Art Vent

Letting the Fresh Air In

Marcel Duchamp

Art Vent Letting the Fresh Air In

July 25, 2010

Marcel Duchamp, Rotoreliefs (1935), Alan Koppol Gallery, Chicago.

Do leave comments, even if it’s just to say hi, because even though I can see the stats, I often forget that there are real people out there. I’ve been in that state of forgetfulness since coming back from Europe, and then last night went to Brenda Goodman’s opening at the John Davis Gallery in Hudson, NY, where I ran into a bunch of people I hadn’t met before who were totally up-to-date on my peregrinations. It’s a funny feeling, but nice.

Also the heat has taken me over, my big obsession being whether or not I should get air conditioning (which I haven’t needed before) for the studio—a major expense. By the time I make up my mind, we’ll be into another Ice Age.

So since I’m not generating original ideas, I’ll put forth those of another—Marcel Duchamp, with whom I seem to agree about everything. Calvin Tomkins’s biography titled, not surprisingly, Duchamp: A Biography, is without a doubt the best biography of an artist I’ve read (don’t get slowed down by the first chapter but save it for the end, when it’s more meaningful). I got the book out to lend to a friend—perfect summer reading—and then kept it to peruse the phrases I highlighted back in 1996.

Duchamp, who used to say that the artist never really knew what he was doing or why, declined to offer any such explanations for The Large Glass. One of his pet theories was that the artist performed only one part of the creative process and it was up to the viewer to complete that process by interpreting the work and assessing its permanent value. (p.11)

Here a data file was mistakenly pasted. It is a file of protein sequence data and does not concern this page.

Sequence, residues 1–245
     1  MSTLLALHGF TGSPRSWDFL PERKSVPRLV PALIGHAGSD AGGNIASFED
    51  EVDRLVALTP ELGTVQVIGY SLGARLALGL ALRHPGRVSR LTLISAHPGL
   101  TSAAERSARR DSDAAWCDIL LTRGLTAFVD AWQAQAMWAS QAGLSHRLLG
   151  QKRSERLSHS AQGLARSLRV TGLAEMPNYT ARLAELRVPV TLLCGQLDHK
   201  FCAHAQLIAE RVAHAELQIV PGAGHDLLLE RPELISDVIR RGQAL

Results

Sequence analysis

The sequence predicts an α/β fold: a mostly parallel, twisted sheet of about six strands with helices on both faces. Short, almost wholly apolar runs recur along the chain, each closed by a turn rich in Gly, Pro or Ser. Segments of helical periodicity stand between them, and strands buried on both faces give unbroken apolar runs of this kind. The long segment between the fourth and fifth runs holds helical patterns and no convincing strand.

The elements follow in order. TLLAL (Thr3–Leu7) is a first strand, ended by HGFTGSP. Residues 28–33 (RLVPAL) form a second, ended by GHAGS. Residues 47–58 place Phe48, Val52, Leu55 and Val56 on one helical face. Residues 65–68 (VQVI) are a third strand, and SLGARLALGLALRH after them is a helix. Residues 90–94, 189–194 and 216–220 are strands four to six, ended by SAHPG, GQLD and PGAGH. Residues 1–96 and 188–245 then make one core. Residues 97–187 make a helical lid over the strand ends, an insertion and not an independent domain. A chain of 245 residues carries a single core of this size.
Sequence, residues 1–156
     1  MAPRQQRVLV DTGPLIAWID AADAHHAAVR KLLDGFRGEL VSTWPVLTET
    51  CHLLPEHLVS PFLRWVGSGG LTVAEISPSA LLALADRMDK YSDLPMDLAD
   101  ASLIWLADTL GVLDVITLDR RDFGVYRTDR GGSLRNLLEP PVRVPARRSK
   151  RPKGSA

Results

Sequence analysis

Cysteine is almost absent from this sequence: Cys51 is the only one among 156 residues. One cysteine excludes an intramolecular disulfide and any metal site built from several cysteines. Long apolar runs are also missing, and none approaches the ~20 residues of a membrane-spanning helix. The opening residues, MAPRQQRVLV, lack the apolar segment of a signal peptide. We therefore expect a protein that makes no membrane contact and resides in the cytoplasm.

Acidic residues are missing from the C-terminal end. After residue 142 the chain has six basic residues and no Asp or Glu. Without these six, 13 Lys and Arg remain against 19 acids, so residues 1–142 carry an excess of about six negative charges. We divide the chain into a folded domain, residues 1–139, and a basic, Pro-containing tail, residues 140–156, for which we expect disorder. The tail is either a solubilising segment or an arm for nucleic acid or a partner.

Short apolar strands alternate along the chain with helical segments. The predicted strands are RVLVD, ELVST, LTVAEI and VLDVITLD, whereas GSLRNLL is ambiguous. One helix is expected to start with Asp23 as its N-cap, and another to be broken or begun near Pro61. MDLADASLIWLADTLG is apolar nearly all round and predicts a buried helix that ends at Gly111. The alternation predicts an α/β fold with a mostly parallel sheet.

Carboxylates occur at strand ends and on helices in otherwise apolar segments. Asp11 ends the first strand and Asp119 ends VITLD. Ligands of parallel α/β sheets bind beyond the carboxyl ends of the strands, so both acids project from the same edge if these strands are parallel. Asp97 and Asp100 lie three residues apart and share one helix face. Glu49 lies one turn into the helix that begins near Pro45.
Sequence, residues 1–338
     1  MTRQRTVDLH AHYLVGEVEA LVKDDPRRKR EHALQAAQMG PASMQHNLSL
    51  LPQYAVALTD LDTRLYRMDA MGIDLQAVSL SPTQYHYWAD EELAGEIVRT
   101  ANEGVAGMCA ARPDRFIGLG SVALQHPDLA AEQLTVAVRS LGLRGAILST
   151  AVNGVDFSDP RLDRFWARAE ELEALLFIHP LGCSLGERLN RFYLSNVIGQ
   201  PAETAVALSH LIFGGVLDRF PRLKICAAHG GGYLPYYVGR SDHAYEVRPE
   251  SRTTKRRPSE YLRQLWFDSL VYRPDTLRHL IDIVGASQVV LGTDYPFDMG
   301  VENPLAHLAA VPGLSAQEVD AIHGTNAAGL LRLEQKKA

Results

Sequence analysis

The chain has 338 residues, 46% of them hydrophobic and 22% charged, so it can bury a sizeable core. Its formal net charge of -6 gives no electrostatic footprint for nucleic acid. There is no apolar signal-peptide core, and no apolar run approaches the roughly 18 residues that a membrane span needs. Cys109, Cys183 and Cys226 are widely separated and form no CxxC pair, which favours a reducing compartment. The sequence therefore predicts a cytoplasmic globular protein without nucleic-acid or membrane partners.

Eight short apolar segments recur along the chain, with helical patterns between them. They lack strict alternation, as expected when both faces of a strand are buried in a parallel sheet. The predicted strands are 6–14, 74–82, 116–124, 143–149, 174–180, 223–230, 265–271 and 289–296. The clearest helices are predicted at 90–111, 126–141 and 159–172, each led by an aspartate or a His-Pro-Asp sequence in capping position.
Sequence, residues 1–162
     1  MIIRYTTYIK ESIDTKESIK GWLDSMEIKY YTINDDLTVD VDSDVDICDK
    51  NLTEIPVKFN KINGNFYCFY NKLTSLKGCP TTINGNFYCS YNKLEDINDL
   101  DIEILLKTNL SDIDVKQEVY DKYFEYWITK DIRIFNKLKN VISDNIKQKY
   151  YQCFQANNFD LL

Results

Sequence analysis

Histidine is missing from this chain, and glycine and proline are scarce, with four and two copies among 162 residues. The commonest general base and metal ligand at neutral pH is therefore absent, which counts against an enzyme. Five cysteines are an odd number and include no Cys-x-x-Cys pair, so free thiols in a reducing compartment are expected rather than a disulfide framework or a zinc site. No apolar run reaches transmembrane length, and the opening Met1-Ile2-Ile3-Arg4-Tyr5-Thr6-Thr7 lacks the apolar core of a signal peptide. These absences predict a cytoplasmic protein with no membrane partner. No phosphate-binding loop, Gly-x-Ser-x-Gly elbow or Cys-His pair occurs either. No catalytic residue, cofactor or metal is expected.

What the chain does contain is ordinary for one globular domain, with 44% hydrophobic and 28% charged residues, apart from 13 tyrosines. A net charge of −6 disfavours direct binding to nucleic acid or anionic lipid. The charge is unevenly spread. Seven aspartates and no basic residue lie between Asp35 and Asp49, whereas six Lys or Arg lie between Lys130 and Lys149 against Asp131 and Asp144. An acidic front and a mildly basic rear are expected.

“I do not believe that art should have anything in common with definitive theories that are apart from it. That is too much like propaganda.” (p. 152)

Works of art could not be understood by the intellect, [Duchamp] maintained, nor could their effect be conveyed in words. The only valid approach to them was through an emotion that had “some analogy with religious faith or sexual attraction—an esthetic echo. This echo, however, was heard and appreciated by very few people. It could not be learned—either you had it or you did not—and it had nothing whatsoever to do with taste, which was merely a parroting of established opinion. “Taste gives a sensuous feeling, not an esthetic emotion,” Duchamp said, “Taste presupposed a domineering onlooker who dictates what he likes and dislikes, and translates it into beautiful and ugly, whereas “the ‘victim’ of an esthetic echo is comparable to that of a man in love or a believer…when touched by esthetic revelation, the same man in an almost ecstatic mood, becomes receptive and humble.”

I don’t think you would've caught Marcel writing an artist’s statement.